First, be prepared to measure the right data (not just traffic engineering quantities, but also marketing type terms like neighbour satisfaction, retail activity, etc). And collect them at a fine grained level around the project, so you get quick feedback to test changes with.

    Second, know your basic trade-off. Your intervention is limited in time, meaning users, neighbours and objectors in the community get to try before they buy, so your barrier to consent is eased. Your materials and construction can forgo finish, polish and some structural work, so the capital cost is very low (and you can more easily get approval from within an agency). Being lightweight means it is flexible and can be evolved as you go, which help because there will be high upkeep costs compared to fixed, passive infrastructure. However, you must preserve the intervention’s primary functional nature, its features, geometry, scale and extent. You’re giving up permanence and polish (at first), never viability and operational completeness. While the temporary intervention is available, most people need to be able to give you feedback as if it was serious, fixed infrastructure. (Elsewhere, this is known as a “minimum viable product”.)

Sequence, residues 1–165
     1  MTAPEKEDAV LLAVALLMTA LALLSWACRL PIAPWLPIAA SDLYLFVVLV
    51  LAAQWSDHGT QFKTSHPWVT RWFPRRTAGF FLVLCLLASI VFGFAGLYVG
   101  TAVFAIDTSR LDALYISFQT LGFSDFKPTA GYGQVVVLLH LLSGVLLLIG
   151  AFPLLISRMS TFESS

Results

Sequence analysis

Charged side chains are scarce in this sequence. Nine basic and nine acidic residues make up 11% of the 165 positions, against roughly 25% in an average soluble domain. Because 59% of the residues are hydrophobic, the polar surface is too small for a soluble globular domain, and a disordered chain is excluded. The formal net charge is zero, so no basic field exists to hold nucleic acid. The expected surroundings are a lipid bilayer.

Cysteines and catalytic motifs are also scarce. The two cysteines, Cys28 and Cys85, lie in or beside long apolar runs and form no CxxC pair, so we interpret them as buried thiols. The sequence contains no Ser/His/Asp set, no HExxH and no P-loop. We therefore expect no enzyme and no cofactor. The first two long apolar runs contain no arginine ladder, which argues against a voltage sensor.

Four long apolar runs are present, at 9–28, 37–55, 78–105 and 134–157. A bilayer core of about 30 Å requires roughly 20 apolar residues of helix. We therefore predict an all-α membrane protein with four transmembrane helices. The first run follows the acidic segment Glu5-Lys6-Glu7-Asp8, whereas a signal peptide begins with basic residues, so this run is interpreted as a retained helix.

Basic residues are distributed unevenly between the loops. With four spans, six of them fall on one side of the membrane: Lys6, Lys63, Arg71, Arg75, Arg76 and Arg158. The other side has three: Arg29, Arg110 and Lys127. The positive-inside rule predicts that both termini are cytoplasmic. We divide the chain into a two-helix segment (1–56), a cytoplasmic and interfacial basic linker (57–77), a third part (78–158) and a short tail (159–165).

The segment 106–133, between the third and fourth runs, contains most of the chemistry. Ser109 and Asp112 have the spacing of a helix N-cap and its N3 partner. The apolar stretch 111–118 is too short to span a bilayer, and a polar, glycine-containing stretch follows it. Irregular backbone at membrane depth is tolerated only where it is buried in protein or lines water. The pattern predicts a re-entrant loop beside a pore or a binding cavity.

Third, the success of the project depends on iterating rapidly. You need to be testing variants, constantly evolving the installation, setting up and tearing down as needed to keep it alive for long enough to get results. It needs hand-holding, monitoring and curating to the end, not paint and walk away. If successful, the final cycle should conclude with an upgrade to the intervention, making it permanent and formal. Or else it should be rolled back to more or less how it used to be (or whatever the community settles for), just as you guaranteed at the start to get them to consent to a trial. Green paint does not make for good permanent infrastructure.

    Fourth, the community, including residents and businesses, should be an active part of the process. From the start, the planned outcomes should be made clear and guaranteed (i.e. upgrade or rollback). The results of any ongoing measurements should be shared. And any changes or new initiatives should be open to community involvement. You don’t just want their buy-in for the long term, you want them to “own” their streets and public spaces, once they see that they like it.